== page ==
Mid-day, we wanted to get out of the house to walk/hike off past meals (and prepare for the next) so we headed out to Bash Bish Falls.  What a lovely place.  I don’t know why it took so many years to get there.  Definitely must return in the summer.

I then spent the rest of the afternoon/evening preparing dinner, which was Chef Peter Berley’s Lasagna of Fall Vegetables, Sage Bechamel, and Gruyere.  If you decide to tackle this delicious meal, give yourself a couple of hours and some staff.  And don’t leave the bechamel for last since you need some steeping time.  There’s a lot of prep work, as there often is when you prepare everything from scratch.  But the results are worth it.  My photos do not do the dish justice, but click on the link above for a tasty image.

What’s next?  I might start on my Christmas cookies (no time like the present, right?) – except that at the moment I’m not hungry.  This is not a normal sensation.  O dear.

national cookie day!

Yes, today (Sunday December 4th) is National Cookie Day.  Much thanks to a coworker who brought this to my attention. I always like to say that when I grow up I’m going to bake cookies for a living.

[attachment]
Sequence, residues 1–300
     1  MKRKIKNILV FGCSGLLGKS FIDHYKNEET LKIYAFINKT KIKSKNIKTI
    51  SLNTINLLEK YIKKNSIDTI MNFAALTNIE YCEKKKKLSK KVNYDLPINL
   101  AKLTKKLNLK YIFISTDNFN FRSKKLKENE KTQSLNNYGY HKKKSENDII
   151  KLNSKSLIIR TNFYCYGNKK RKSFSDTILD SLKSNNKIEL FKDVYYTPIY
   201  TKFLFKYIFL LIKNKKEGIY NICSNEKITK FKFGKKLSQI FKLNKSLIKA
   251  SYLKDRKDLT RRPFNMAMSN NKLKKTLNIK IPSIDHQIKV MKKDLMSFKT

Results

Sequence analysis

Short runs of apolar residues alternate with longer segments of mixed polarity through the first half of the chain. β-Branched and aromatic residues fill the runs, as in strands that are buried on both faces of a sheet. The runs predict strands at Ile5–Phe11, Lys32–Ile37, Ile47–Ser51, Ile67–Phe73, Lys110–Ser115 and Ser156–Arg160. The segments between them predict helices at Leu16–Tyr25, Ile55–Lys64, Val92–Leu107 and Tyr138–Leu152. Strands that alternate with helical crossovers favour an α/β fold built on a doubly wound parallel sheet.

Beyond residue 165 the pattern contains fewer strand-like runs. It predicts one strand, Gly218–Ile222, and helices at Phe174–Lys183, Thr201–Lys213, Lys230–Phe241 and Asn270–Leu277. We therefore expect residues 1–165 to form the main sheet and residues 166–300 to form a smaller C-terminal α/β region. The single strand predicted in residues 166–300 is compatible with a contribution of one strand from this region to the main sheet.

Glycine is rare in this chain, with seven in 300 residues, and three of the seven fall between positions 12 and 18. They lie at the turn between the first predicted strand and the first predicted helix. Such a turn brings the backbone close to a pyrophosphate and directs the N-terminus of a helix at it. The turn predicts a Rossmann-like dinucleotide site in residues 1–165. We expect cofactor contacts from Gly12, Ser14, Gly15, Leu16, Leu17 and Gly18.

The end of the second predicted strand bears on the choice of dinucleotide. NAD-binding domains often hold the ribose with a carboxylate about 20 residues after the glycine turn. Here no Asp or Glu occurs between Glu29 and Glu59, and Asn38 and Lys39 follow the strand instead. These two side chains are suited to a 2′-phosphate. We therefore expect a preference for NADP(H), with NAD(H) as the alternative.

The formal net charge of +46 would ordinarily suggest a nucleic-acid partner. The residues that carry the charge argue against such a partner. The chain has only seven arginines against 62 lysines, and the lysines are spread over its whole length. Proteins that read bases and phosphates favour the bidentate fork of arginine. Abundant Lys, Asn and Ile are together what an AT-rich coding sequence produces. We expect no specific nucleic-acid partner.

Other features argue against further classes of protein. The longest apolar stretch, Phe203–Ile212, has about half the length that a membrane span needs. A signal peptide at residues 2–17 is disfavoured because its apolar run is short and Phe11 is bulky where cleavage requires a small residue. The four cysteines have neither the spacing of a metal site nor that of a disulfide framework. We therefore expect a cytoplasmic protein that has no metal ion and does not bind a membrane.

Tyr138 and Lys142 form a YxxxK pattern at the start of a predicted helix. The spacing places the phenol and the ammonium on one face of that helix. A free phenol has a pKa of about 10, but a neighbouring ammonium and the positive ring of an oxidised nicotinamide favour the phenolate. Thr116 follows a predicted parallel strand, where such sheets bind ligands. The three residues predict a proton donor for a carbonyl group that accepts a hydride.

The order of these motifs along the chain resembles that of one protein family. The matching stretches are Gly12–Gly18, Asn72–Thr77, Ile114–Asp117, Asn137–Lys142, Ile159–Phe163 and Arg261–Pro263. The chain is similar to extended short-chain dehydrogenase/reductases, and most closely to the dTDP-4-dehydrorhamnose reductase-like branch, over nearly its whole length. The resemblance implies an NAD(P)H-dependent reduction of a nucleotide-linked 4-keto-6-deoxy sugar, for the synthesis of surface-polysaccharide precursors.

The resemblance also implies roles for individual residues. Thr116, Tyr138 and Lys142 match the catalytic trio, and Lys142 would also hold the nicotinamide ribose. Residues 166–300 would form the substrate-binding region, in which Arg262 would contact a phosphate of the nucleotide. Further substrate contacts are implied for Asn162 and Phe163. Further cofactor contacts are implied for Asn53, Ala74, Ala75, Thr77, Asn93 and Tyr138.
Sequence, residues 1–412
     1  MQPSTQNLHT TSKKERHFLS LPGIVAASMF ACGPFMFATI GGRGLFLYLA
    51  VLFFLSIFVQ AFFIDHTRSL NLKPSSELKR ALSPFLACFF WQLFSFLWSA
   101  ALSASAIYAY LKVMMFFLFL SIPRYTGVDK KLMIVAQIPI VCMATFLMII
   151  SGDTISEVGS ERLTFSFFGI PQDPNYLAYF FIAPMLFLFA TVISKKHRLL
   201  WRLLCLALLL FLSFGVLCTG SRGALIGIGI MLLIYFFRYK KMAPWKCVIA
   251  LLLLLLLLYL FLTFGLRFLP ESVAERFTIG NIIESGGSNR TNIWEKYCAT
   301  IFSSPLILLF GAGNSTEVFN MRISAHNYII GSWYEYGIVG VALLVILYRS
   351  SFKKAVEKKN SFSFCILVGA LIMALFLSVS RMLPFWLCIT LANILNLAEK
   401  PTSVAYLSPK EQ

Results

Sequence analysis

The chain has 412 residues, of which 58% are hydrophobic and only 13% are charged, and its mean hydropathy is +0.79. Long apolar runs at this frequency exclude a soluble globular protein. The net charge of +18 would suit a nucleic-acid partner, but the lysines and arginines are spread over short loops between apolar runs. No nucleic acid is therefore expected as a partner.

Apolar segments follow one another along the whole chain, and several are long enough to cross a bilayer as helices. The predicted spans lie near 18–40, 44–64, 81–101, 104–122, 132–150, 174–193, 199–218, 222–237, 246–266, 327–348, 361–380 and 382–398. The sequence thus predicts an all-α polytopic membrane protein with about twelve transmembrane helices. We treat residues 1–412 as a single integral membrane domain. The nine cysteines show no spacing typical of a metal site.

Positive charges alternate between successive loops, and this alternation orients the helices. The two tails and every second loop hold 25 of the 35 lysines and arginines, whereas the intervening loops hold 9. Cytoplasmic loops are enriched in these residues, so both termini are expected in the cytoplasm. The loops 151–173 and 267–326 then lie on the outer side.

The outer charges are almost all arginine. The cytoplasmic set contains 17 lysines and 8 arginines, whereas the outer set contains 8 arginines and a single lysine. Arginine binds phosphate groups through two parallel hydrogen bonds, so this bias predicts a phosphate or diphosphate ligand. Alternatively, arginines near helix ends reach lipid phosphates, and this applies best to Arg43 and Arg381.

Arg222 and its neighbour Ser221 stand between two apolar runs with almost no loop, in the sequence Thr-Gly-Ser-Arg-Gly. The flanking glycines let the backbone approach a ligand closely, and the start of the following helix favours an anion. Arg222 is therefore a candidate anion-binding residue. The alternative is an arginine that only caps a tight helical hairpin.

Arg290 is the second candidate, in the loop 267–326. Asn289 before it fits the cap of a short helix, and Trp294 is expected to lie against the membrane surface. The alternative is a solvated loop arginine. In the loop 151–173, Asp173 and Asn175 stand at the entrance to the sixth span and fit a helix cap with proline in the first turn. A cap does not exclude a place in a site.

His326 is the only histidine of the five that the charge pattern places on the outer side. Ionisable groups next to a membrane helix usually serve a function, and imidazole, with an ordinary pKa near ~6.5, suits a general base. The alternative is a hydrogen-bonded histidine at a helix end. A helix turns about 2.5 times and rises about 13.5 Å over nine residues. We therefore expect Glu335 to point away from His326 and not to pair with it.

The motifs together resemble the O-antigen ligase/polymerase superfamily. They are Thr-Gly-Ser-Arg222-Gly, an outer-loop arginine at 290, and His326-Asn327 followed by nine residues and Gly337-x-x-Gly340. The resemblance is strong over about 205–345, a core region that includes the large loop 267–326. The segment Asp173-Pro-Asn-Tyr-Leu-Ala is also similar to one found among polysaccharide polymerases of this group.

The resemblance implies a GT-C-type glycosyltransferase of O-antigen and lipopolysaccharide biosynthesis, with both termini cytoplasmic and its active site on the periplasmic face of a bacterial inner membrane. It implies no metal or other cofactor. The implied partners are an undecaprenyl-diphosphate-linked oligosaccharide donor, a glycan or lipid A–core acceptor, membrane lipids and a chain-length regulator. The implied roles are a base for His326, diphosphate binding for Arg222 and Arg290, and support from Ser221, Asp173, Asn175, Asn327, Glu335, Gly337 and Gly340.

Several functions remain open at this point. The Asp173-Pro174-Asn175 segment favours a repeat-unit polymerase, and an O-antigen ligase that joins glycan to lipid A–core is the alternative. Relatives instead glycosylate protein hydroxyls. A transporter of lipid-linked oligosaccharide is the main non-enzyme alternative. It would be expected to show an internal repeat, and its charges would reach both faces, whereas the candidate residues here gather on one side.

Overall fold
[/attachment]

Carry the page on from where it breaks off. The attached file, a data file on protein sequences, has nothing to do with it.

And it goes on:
Are you compelled to bake some cookies?   –  Wait!  Why not?

For the best chocolate chip  cookies, try the Jacques Torres recipe.  You must think ahead – it requires cake and bread flours and bittersweet chocolate chips (semi-sweet will work if necessary) and time – it must rest in the fridge overnight.  Absolutely the best chocolate chip cookies.  Try it.  Trust me.

Are you an oatmeal cookie fiend?  I’ve always depended on the Quaker Vanishing Oatmeal cookie recipe.  I’m not a huge fan of raisins (weird childhood thing since mother wanted raisins in everything) so I always add dried cranberries instead.  And use the old fashioned oats.

How about peanut butter cookies?  These have always been part of my repertoire, because they were my dad’s absolute favorite cookie.  Betty Crocker was the ruling cookbook in our household growing up, so this is my favorite peanut butter cookie recipe.  Again, think ahead as this takes a couple hours of sitting in the fridge.  Also, instead of just dipping the fork in sugar, I like to roll the entire cookie ball in sugar and then make the cross marks with a fork.  And, if I’m really feeling fancy, I make just one fork imprint (not the hatch mark) and pipe melted dark chocolate into the tracks once the cookies are cool.  Again, trust me on this one.

I haven’t even begun to talk about Christmas cookies – snowballs, peppermint balls, decorated sugar cookies, gingerbread boys, pfeffernuesse…

Happy Cookie day!  Eat cookies!

happy pie day, er, Thanksgiving